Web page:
MDC-T leader Morgan Tsvangirai says President Robert Mugabe’s 34-year octopus-like grip on power has impoverished the nation and that there was need for national convergence on the urgent need for change.
Addressing villagers in the political hotbed of Uzumba district in Mashonaland East Province at the weekend, Tsvangirai said Zanu PF thrives on violence and intimidation as well as rigging elections.
The MDC leader, who was in Uzumba for the first time since his party was formed 15 years ago, was handing over building material to people who lost their homes and livelihoods in political-related violence in 2008.
He said despite the fact that the nation was wallowing in Zanu PF-induced poverty, there was a silver lining on the dark cloud as Mugabe’s failure to address the socio-economic challenges affecting citizens will see him go before the 2018 elections.
Tsvangirai said Zanu PF’s capacity to rig elections had reached the ceiling and that his party would be in power as free and fair elections were in the offing sooner rather than later.
“Zanu PF has been rigging elections and using violence and intimidation tactics but they have now exhausted all the means there is, they have nowhere to run, they can’ fix the economy,” Tsvangirai said.
“If you take Zanu PF and MDC activists separately and ask them what they wish for, they have the same aspirations, they want progress, the youths want jobs which Mugabe cannot provide. We are all poor, both MDC and Zanu PF,” he told villagers at Katiyo Business Centre.
Tsvangirai urged the nation to unite against Mugabe whom he accused of “single-handedly destroying the country”.
“People must know that we shall soon cry the tears of joy because I don’t see us getting going until 2018. Something must happen now. Something must certainly happen and we are going for victory.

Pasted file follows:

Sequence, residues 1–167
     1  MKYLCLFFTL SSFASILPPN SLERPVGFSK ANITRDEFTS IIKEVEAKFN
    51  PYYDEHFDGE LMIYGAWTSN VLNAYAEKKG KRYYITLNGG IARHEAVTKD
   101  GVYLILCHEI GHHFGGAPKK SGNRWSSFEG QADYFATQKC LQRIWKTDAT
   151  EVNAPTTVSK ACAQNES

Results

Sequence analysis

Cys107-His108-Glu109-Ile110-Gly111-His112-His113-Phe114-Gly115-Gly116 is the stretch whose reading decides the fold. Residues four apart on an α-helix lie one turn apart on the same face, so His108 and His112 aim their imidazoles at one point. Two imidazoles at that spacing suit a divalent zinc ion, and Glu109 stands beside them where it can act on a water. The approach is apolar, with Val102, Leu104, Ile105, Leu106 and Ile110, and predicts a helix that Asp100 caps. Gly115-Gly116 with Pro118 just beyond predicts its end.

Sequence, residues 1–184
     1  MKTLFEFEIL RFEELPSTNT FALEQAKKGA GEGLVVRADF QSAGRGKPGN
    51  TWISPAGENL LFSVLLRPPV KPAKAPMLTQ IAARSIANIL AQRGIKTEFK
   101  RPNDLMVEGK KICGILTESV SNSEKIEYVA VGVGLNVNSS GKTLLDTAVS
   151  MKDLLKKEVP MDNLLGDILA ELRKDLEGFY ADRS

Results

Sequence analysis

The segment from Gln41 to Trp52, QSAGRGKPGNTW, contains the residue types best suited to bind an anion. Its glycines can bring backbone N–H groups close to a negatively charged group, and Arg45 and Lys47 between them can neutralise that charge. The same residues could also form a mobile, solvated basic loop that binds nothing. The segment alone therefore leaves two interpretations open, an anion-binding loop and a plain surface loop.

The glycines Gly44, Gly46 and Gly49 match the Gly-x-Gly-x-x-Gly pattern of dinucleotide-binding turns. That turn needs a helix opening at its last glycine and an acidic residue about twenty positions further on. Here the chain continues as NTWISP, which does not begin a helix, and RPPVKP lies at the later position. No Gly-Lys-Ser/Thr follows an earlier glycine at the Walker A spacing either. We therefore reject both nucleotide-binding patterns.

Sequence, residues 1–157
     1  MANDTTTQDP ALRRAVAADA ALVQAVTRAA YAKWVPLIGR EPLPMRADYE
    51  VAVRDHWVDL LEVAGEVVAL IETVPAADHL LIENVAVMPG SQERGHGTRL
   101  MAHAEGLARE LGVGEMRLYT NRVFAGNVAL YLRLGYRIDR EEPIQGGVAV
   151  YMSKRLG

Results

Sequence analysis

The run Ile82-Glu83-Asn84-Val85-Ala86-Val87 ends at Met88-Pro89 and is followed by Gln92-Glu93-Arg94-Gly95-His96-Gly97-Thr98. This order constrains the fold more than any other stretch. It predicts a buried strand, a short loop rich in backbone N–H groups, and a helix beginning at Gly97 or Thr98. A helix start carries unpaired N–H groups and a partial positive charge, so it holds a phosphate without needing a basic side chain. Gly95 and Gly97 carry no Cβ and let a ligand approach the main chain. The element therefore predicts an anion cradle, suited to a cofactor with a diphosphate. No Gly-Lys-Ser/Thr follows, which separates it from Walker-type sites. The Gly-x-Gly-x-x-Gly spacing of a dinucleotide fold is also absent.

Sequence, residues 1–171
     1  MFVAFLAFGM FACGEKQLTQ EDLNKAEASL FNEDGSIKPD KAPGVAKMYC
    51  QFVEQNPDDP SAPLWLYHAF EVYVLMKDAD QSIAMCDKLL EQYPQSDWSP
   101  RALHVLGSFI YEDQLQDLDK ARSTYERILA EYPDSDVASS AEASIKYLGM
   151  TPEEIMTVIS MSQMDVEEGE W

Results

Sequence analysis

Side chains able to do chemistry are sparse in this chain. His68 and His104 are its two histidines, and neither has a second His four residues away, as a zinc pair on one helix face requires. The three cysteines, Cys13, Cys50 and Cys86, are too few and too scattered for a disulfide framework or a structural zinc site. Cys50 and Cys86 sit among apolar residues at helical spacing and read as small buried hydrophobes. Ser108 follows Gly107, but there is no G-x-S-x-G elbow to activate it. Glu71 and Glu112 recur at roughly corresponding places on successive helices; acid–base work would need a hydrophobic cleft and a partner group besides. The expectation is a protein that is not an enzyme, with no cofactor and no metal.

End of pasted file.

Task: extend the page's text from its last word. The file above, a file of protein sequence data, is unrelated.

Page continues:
“They have exhausted all the tricks they had and now there is national convergence on what needs to be done so we will soon cry the tears of joy,” the MDC leader said.
Tsvangirai handed over cement, roofing sheets and door frames to 10 families whose homes were destroyed by Zanu PF youths.
The former PM who was in the company of party deputy national chairman Morgen Komichi had earlier toured villages of the 10 families where he came face to face with trail of destruction that the violence of the 2008 presidential runoff had left.
One of the victims, Florence Machinga, who was the MDC parliamentary candidate in the constituency, narrated how her house was razed down using petrol bombs.
Supporters from violence-prone neighbouring Maramba Pfungwe district told Tsvangirai that his visit had emboldened them despite the level of intimidation that still obtained.
“We feel secure now that you have visited us because we know Zanu PF will tremble. They don’t feel comfortable with the name Tsvangirai even just hearing that you drove through this place,” said Maramba Pfungwe district chairman Joseph Matambo.
Other victims who received 10 roofing sheets, five bags of cement and two door frames to build two-roomed houses included Jacob Gogodo whose wife Georgina was killed in the violence, Chamunorwa Kupi, Joel Chipitera, Nyumwai Maezva and Tazvitya Konodweta among others.
Prior to the June 2008 presidential runoff, Zanu PF militia unleashed a reign of terror against Tsvangirai’s supporters which left hundreds dead while others became homeless and thousands were left displaced.